Researchers found that women are really good at judging which men are only interested in short-term uncommitted relationships just by reading their faces. Apparently, men with longer faces, higher foreheads, longer noses, and larger eyes tend to be more open to casual sex, and women can pick up on this.
The team of researchers from Macquarie University in Australia embarked on this study starting from a debate about the mechanics of attraction in humans. According to evolutionary psychology, humans are attracted to healthy, fertile, and compatible potential mates. If such is the case, then humans must be able to read certain cues in our faces and bodies that reflect these desirable mating characteristics.
If humans can visually judge if someone is ‘hot’ or not, what other cues can they pick up that are evolutionarily important when selecting a mate? The Australian researchers hypothesized that being able to tell whether someone is interested in a monogamous relationship or casual sex could be the kind of information that humans may be able to extract from visual cues, such as facial traits.
With this in mind, they recruited 103 white individuals, both male and female, who had their portraits taken and had to complete a survey that assessed their level of sociosexuality (how open they are to casual, uncommitted sex). The researchers then associated the sociosexuality scores with facial shape characteristics in men, but not in women where no reliable association could be found.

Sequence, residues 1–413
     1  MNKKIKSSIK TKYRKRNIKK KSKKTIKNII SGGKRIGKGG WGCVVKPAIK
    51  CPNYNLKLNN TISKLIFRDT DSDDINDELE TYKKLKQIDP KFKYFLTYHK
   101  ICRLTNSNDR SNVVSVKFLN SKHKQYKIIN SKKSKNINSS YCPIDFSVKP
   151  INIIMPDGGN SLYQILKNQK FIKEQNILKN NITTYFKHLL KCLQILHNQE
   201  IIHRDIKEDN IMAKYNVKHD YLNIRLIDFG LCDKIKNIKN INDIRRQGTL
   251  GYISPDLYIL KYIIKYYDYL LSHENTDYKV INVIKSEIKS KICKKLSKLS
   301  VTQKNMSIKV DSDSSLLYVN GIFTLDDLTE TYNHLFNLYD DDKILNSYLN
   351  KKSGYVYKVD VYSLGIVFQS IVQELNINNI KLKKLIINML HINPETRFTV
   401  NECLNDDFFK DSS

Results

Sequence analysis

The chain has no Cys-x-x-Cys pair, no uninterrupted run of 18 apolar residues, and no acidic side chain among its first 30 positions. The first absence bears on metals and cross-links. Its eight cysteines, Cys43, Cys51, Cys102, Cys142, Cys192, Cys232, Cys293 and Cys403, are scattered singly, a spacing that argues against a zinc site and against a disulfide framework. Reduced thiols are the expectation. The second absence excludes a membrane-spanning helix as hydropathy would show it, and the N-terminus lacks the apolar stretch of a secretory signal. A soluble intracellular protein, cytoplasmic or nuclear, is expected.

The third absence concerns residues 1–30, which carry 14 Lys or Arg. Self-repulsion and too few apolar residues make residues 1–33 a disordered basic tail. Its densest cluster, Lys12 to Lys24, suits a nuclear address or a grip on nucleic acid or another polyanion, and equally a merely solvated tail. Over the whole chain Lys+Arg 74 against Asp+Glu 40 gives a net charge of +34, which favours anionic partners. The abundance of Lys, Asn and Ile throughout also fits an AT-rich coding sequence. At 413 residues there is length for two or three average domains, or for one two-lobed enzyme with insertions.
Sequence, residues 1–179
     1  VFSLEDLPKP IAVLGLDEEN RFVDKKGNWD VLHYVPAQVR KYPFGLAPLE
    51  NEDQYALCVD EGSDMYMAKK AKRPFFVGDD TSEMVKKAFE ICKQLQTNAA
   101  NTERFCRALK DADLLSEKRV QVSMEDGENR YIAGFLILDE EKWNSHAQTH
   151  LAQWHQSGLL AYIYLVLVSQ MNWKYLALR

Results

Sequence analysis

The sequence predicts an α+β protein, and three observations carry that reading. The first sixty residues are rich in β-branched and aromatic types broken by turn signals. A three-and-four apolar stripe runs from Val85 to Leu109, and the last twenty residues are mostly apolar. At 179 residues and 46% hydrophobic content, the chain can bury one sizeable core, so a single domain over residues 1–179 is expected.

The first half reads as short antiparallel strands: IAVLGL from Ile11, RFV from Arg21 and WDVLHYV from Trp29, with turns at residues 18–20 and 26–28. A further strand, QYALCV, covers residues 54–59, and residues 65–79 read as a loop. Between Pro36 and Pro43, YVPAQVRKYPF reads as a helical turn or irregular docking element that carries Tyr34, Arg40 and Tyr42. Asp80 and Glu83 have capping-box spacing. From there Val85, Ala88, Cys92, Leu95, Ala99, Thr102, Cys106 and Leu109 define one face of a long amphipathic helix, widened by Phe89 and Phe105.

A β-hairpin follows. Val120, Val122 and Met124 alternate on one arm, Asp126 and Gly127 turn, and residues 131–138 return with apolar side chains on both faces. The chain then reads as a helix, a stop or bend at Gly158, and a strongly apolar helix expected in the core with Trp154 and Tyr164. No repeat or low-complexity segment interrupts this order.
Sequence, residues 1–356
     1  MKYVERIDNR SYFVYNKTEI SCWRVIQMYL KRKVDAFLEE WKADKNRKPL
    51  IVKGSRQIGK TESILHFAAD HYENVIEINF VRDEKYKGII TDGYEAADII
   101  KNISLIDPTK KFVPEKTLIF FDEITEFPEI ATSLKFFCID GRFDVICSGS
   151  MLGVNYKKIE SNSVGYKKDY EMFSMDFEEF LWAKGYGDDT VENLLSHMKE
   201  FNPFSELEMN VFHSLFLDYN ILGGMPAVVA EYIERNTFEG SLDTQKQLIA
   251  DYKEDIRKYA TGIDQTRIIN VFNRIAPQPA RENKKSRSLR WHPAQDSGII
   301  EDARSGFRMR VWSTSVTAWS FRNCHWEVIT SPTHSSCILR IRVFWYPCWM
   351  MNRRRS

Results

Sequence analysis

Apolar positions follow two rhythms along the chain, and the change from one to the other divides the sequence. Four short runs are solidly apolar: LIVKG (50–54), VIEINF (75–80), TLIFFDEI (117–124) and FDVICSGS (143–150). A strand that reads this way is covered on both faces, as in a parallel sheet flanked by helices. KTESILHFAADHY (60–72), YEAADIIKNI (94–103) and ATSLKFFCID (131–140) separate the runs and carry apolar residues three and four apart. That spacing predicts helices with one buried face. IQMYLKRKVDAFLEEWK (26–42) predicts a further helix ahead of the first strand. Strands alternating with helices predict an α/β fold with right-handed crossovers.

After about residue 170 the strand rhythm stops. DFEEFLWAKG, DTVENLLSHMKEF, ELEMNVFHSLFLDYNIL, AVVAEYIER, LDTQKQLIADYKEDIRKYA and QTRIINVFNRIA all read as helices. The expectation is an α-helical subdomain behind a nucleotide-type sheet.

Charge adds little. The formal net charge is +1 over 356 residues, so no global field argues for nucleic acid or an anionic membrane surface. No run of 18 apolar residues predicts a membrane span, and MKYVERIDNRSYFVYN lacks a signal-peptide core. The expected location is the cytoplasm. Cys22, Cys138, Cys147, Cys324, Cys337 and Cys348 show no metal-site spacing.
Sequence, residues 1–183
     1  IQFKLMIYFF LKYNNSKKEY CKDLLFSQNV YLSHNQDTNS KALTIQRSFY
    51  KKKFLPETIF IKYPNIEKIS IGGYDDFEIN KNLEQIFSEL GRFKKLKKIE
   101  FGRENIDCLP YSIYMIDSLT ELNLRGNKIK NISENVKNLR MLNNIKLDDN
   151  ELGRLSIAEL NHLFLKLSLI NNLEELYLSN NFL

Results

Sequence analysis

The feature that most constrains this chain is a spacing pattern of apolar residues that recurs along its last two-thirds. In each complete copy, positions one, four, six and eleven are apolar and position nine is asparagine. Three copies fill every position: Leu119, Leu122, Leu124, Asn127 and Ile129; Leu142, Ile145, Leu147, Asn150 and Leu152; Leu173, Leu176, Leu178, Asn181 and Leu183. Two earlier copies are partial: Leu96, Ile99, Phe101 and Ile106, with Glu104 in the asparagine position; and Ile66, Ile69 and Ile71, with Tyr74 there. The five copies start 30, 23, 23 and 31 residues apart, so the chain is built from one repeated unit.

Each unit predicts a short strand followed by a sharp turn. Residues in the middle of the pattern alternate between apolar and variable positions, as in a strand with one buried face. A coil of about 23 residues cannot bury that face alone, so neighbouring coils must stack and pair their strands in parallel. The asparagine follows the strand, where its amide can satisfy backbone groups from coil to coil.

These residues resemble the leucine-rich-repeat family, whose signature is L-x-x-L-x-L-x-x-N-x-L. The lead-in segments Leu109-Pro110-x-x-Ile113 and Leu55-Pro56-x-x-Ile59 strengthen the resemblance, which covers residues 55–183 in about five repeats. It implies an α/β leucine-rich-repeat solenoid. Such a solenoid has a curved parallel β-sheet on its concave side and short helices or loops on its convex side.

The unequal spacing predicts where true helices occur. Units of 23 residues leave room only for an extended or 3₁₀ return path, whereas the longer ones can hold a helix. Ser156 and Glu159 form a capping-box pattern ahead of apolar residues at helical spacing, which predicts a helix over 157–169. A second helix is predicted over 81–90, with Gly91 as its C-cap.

In a subsequent study, these photos were shown to 65 heterosexual participants who were asked to assess the sociosexuality of the person of the opposite sex shown in the pictures. Interestingly, women’s perception of male sociosexuality matched the men’s self-reported sociosexuality scores, showing that women can predict some of men’s sexual desires and intentions from their faces. However, males were terrible at this task. Their perception of women’s sociosexuality did not match the women’s self-reported attitudes and behaviors towards casual sex.
Lastly, the researchers used the data gathered in the previous studies to make computer-generated pairs of portraits representing high- and low-sociosexuality faces. Participants correctly identified high-sociosexuality faces better than chance — yet again, just in men and not women.
It’s not clear what’s responsible for these observed effects. It may be that assessing whether a potential mate will stick around or not is much more important for women than men because sex (and pregnancy) is more costly.
The researchers suspect that the sociosexual orientation reflected in males’ faces may be due to testosterone, which leads to quite a bit more variation in facial features in men than seen in women. Men with higher testosterone tend to have more traditionally masculine faces (for example, a wider brow, a longer nose, and a wider distance between the eyes). High-testosterone men tend to be more attractive to women, but also tend to express more promiscuous tendencies.
However, this hypothesis cannot be tested because the study did not include testosterone measurements for the participants. As a caveat, the researchers caution that these findings shouldn’t be used as a license to make snap judgments about people’s personalities or intentions. Ultimately, the best test of a person’s character is getting to know them.
The findings appeared in the journal Evolution and Human Behavior.